Saturday, November 28, 2015


Here is a list of 10 more FREE! apologetics books that I highly recommend....

My good friend and expert apologist Dr. Timothy McGrew includes the first three among his "Mandatory Reading" and the fourth comes from his annotated bibliography at the Library of Historical Apologetics.
  1. A Lecture on the Historic Evidence of The Authorship and Transmission of the Books of the New Testament (1852) by Samuel Prideaux Tregelles. Lucidly and cogently written by an eminent 19th Century scholar. A brief biography and overview of his greatest scholarly accomplishment are found at The Center for The Study of New Testament Manuscripts (and a slightly longer biography here). An extensive list of his works available online is hosted by the University of Pennsylvania.
  2. A View of The Evidences of Christianity (1794) by William Paley. A powerful cumulative case by one of the foremost scholars and apologists of the 18th Century. Also available for FREE on Kindle. A brief summary of the book at the Library of Historical Apologetics. A brief biography of Paley at the Christian Classics Ethereal Library.
  3. The Four Gospels from a Lawyer's Standpoint (1893) by Edmund Bennett. A concise biography and overview of the book is found at the Library of Historical Apologetics. It is a brief 88 pages.
  4. The Trial of the Witnesses of the Resurrection (1729) by Thomas Sherlock. A short introduction to the book is available at the Library of Historical Apologetics. (Only 114 pages). Also available for FREE on Kindle.
  5. Heretics (1905) by G.K. Chesterton. Also available on Kindle at Amazon or Audiobook from Librivox. Chesterton was one of the great writers of the early 20th Century and had a huge influence on C.S. Lewis. He is well known for his works of apologetics, especially Orthodoxy, The Everlasting Man, and Heretics. But he is also well known for his poetry and fiction, especially his "Father Brown" mysteries, which have been adapted for television. You can find 49 of his works in audiobook at Librivox. A brief biography, list of quotes and collection of his works is found at the Christian Classics Ethereal Library. There is a wealth of information about Chesterton and his writings at The American Chesterton Society (including some notable theological essays).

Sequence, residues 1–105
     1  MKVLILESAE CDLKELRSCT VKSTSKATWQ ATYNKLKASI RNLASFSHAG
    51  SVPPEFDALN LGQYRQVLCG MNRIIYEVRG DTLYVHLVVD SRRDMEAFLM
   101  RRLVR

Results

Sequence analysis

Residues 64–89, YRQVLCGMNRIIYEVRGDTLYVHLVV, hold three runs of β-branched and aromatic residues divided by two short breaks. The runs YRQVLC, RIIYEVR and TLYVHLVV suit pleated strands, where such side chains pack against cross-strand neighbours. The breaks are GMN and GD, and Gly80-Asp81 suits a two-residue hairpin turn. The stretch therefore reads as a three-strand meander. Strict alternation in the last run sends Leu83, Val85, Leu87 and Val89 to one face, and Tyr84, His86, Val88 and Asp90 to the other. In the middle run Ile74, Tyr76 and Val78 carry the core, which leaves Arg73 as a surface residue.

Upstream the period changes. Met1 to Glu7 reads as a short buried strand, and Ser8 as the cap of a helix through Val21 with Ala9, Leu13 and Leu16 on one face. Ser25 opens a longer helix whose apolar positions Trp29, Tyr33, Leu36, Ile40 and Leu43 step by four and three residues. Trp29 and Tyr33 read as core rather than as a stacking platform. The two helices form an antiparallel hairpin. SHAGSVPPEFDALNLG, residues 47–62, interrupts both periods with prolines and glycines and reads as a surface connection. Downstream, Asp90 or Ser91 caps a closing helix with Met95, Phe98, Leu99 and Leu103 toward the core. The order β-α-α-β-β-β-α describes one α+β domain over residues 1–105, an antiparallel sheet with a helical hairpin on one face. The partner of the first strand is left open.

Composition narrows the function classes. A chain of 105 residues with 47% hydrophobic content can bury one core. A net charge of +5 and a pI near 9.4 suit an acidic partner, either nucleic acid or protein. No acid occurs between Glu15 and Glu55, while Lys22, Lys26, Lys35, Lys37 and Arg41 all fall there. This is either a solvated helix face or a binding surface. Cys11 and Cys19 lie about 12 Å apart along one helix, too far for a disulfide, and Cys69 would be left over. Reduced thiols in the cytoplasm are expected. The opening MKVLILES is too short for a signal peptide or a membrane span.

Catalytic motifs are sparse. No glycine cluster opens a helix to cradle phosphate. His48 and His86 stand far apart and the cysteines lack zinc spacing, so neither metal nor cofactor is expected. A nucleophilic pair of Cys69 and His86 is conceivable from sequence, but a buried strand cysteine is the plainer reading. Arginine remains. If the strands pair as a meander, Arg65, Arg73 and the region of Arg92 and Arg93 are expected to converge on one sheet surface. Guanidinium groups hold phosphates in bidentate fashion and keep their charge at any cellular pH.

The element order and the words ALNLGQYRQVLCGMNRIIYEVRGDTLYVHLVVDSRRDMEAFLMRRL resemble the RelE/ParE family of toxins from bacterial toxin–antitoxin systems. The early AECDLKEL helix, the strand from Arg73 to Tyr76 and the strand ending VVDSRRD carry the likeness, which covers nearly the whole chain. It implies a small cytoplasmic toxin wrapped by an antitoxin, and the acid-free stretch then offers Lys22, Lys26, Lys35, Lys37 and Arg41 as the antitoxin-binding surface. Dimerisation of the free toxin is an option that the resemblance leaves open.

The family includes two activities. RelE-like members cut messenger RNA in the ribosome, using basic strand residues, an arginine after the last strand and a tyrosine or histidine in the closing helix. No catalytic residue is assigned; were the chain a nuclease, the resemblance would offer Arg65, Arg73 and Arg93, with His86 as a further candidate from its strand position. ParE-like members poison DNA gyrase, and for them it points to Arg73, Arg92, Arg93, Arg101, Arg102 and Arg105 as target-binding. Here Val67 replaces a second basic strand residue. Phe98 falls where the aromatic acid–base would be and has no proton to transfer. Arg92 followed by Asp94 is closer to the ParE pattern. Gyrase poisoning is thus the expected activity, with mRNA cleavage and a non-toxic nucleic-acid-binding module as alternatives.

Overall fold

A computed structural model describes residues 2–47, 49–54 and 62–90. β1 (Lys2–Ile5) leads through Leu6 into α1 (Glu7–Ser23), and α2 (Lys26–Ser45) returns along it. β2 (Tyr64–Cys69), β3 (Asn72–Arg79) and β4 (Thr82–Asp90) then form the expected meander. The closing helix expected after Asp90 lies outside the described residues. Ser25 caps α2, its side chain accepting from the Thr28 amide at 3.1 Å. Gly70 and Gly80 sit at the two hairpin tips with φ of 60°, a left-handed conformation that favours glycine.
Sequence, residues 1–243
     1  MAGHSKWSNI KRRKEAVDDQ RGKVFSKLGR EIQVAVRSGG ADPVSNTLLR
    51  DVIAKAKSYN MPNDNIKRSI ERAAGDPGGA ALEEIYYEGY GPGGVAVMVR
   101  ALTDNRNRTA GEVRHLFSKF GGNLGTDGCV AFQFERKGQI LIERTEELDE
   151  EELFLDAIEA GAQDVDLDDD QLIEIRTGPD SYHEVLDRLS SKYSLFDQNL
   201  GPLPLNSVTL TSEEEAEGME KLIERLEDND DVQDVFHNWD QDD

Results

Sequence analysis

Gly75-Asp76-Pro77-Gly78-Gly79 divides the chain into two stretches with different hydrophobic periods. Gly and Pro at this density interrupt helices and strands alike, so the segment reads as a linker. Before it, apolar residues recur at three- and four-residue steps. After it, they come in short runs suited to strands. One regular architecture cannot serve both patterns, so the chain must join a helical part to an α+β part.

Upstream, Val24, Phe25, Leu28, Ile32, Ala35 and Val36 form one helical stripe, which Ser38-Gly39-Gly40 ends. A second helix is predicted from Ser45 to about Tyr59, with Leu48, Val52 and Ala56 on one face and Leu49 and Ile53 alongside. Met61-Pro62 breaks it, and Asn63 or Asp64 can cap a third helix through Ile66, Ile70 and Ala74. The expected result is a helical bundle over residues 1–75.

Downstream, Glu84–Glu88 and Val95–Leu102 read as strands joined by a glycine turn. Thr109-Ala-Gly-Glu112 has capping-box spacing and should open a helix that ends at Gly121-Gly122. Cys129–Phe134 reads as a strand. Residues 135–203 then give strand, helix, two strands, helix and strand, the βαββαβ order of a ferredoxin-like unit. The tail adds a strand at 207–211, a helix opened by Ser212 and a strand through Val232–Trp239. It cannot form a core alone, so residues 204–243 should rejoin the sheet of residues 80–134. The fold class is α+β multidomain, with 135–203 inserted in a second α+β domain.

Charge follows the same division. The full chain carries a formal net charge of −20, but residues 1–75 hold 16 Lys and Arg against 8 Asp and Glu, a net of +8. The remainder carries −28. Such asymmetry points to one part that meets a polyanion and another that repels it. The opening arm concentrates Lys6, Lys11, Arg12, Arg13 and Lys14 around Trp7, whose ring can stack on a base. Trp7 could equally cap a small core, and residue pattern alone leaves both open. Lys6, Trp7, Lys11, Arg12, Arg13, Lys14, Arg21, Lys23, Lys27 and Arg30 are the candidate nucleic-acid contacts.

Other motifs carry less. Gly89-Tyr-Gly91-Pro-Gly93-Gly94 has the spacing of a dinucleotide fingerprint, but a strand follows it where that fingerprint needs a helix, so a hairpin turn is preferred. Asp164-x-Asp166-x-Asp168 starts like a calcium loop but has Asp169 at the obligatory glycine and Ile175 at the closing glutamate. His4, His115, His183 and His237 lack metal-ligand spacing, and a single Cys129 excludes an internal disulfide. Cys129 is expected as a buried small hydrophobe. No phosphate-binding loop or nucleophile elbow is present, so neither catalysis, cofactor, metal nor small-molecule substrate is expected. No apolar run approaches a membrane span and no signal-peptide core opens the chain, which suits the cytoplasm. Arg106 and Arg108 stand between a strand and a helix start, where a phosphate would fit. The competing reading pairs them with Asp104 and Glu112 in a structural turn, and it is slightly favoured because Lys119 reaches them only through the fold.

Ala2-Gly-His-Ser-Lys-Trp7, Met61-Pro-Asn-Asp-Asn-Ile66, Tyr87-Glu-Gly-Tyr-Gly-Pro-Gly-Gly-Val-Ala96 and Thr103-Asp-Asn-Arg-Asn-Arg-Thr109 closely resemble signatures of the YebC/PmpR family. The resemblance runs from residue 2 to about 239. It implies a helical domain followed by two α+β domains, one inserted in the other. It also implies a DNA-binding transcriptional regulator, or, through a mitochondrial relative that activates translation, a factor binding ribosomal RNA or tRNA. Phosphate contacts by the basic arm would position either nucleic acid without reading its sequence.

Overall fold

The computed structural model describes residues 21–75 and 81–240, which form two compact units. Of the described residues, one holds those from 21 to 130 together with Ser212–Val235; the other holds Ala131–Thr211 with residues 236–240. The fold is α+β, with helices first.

6. Dialogue with Trypho (c. 150 AD) by Justin Martyr. We can learn a lot from this relatively short but important writing from one of the early church fathers. Not only does it give us some important historical information that confirms the historicity of the Gospels, but it also gives us some insight into Messianic Prophecy and how apologetics was done among the Jews in the 2nd Century. The first 8 chapters of this work describes Justin's pursuit of philosophy and his conversion. Then he begins answering Jewish objections about Christians not keeping the Old Testament laws. In chapter 31, he begins giving detailed responses related to messianic prophecy. (Chapters 55-63 deal with Jewish objections to the Incarnation--and Justin's view seems to be quite Arian! A brief biography of Justin, his collected works, and other resources can be found at Early Christian Writings (my favorite web site for researching the writings of the early church).
  7. St. Paul the Traveler and the Roman Citizen  (1895, 1907) by William Ramsay. FREE at Christian Classics Ethereal Library, where you will also find a nice summary of the book and a short biography of Ramsay. And here is a short article by Don Stewart quoting from this book and showing how Sir William Ramsay is related to settling the question of the historicity of Acts.
  8. The Gospel of Thomas (mid-2nd Century) is available at Early Christian Writings, along with a "collected commentary" and a significant bibliography. The so-called "gnostic gospels" have been making quite a stir in the world for the last few decades--and especially in the past decade. The Gospel of Thomas is raised up by critics of the Bible as representing a picture of Jesus that is just as worthy of our attention as the New Testament. Reading this short document for yourself will help you to understand the issues more clearly and to see firsthand that it is really no gospel at all.
  9. The Abolition of Man by C.S. Lewis. Lewis explores ideas important to the moral argument, which he establishes quite solidly in the first section of Mere Christianity. You can find a brief biography of Lewis (and much more) here.
  10. The Apostolic Fathers by Joseph Barber Lightfoot. A standard collection of the writings of the apostolic fathers with introductions and commentary. Reading and understanding the writings of the apostolic fathers is important in assessing the evidence for the New Testament canon and the historicity of Jesus. See my article "Who Are the Apostolic Fathers? for a brief explanation of who they are and why they are important and also a concise bibliography of resources.

Looking for more great resources for apologetics and Bible study?....
....then check out my growing MASTER LIST OF APOLOGETIC RESOURCES....


“You cannot evade the issue of God, whether you talk about pigs or the binomial theory, you are still talking about Him. Now if Christianity be. . . a fragment of metaphysical nonsense invented by a few people, then, of course, defending it will simply mean talking that metaphysical nonsense over and over. But if Christianity should happen to be true – then defending it may mean talking about anything or everything. Things can be irrelevant to the proposition that Christianity is false, but nothing can be irrelevant to the proposition that Christianity is true.”

– G.K. Chesterton
Daily News, December 12, 1903

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